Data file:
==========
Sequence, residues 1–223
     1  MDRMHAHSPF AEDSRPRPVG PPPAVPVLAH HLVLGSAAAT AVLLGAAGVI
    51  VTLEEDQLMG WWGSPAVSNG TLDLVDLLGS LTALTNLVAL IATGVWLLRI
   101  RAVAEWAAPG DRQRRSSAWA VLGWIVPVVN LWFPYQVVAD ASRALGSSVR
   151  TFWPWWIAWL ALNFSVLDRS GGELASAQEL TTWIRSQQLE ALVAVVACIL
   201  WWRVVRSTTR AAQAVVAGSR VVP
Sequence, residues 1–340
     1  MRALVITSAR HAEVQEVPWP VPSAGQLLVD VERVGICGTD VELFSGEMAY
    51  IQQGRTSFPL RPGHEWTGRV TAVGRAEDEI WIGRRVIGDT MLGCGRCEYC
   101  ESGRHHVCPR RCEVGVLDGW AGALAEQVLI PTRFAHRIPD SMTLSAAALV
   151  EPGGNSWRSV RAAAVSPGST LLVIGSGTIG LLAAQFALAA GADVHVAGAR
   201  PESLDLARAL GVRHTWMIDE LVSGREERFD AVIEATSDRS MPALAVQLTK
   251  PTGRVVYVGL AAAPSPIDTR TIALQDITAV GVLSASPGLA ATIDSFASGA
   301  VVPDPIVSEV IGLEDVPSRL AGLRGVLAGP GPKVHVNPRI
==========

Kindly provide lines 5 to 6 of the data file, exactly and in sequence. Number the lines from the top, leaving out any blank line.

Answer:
   151  TFWPWWIAWL ALNFSVLDRS GGELASAQEL TTWIRSQQLE ALVAVVACIL
   201  WWRVVRSTTR AAQAVVAGSR VVP